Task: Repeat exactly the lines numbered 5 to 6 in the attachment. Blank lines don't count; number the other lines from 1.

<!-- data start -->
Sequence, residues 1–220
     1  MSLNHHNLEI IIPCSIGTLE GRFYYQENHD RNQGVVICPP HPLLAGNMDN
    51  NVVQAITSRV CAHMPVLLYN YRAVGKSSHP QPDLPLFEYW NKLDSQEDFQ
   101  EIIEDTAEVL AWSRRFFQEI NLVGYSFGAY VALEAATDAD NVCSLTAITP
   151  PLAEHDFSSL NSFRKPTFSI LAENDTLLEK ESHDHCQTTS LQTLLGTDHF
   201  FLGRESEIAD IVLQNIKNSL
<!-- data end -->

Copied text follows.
   151  PLAEHDFSSL NSFRKPTFSI LAENDTLLEK ESHDHCQTTS LQTLLGTDHF
   201  FLGRESEIAD IVLQNIKNSL